“Something about you makes me feel like a dangerous woman.” These lyrics, sung soulfully by Ariana Grande, have become an anthem for women that transcends age, relationship status and worldview.

“Don’t need permission, made my decision to test my limits,” Grande croons to open the ballad. And with that, girls in clubs sip their vodka sodas with a little more clout, and women in their cars turn up the volume on the stereo and maybe even roll down a window. Lyrics like these make most women feel more confident, more in control, more like a dangerous woman who shouldn’t be messed with. This is why I didn’t know how to feel when I learned the words were written by men named Johan Carlsson, Martin Karl Sandberg and Ross Golan.

For the record, this doesn’t make me love Grande any less, nor am I mad that she didn’t write “Dangerous Woman” herself. But why three dudes?

Grande and her team aren’t the only culprits of the crime of hiring men to write female-empowering songs — or popular songs period. Rihanna’s “Take a Bow” was penned by Mikkel Eriksen, Tor Erik Hermansen and Shaffer Smith. Men wrote Britney Spears’ “Stronger,” too. And “Since U Been Gone” by Kelly Clarkson — the song that got us all through breakups with our middle-school boyfriends of a week? Those were lyrics by Sandberg and Lukasz “Dr. Luke” Gottwald. Yes, that Dr. Luke.

Only 12 percent of the most popular 600 songs from the last six years were written by women, according to a recent study by the University of Southern California Annenberg School for Communication and Journalism. Female producers only made up 2 percent for the top 300 in the same time period. From all of the other incredibly skewed statistics from the study, one thing is clear: Men are making the music. It’s not because women aren’t trying.

The overwhelming number of successful male songwriters has created the false idea that men are better lyricists, even when it comes to writing songs for women to sing. It’s that intrinsic thought that leads pop singers and their teams to hire men instead. Just nine men wrote roughly 20 percent of the 600 songs sampled in the study. They’ve profited from a long history of choosing men to pen songs. They’ll continue to get these opportunities rather than women if we don’t actively push for change.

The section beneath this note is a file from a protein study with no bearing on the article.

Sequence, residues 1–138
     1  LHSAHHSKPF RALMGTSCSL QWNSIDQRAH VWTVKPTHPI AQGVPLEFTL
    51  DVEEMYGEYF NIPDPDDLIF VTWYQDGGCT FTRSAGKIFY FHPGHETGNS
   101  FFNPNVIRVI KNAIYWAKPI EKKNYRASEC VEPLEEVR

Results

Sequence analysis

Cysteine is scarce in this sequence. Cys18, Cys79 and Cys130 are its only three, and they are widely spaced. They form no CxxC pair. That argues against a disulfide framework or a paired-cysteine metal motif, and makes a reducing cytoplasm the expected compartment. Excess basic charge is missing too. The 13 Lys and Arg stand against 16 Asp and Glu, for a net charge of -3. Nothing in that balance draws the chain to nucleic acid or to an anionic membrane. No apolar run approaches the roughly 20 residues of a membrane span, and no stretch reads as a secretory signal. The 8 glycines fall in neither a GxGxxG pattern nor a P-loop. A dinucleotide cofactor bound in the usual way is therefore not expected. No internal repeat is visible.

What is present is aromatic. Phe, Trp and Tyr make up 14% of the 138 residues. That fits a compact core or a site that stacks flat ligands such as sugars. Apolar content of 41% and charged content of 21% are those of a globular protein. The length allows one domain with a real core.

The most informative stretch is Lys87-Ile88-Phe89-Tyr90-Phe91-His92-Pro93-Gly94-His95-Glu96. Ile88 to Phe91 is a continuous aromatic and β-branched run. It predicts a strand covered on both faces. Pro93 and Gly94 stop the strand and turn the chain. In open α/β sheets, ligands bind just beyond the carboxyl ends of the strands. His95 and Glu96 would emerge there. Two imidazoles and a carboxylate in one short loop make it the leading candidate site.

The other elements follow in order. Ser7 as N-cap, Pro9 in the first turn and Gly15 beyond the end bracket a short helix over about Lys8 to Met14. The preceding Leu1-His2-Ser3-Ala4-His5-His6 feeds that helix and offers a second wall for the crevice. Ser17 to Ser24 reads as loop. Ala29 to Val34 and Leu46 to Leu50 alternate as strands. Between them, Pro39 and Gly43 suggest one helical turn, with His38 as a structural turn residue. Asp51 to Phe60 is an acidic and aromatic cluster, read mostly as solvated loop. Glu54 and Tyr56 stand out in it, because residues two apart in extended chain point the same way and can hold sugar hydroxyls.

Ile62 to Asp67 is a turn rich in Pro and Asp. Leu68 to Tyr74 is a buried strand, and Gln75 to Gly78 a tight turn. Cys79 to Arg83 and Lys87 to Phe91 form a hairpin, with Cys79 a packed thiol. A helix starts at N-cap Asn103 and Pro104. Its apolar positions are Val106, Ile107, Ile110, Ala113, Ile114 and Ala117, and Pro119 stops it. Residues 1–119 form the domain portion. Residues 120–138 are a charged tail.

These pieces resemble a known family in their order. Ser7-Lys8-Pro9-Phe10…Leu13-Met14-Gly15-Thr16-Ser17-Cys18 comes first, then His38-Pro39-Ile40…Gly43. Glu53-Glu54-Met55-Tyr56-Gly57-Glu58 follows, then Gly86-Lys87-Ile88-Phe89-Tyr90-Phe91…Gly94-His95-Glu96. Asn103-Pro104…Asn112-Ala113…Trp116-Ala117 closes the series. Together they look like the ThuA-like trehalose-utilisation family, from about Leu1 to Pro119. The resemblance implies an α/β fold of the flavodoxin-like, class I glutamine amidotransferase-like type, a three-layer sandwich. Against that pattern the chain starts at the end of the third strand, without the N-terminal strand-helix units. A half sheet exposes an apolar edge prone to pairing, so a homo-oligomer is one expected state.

Male privilege is everywhere: It’s in our classrooms, our wage gaps, our elections and, as was evident in the Golden Globes’ (all male) director category, our movies. It’s disappointing but not surprising that this privilege has made its way into our music, too. By passing over lesser known female songwriters in favor of well-known male songwriters, the industry is leaving out voices that need to be heard and lyrics that need to be sung.

Music has the power to make us all feel less alone and more understood, but it also has the important power to steer the public conversation and set the agenda for change. With male songwriters egregiously favored, women are denied the ability to exist in such an influential space.

Like any movement for women, it’s clearly our responsibility to stand up for ourselves before powerful men will follow suit. In the last six years of the most popular music, just over 35 percent of songs sung by women were written or co-written by another woman. Female pop singers should remember this when they decide to recruit a man to write their lyrics. With gender equality in the zeitgeist, now is the time.

Each of us can do our part to level the playing field for female songwriters. We can all be more cognizant of downloading and purchasing songs written by women, especially women of color, who are even more of a minority in songwriting and producing. Let’s support the female artists behind the music just as much as we support the ones on stage.

Carly Breit is a UF journalism senior. Her column focuses on feminism.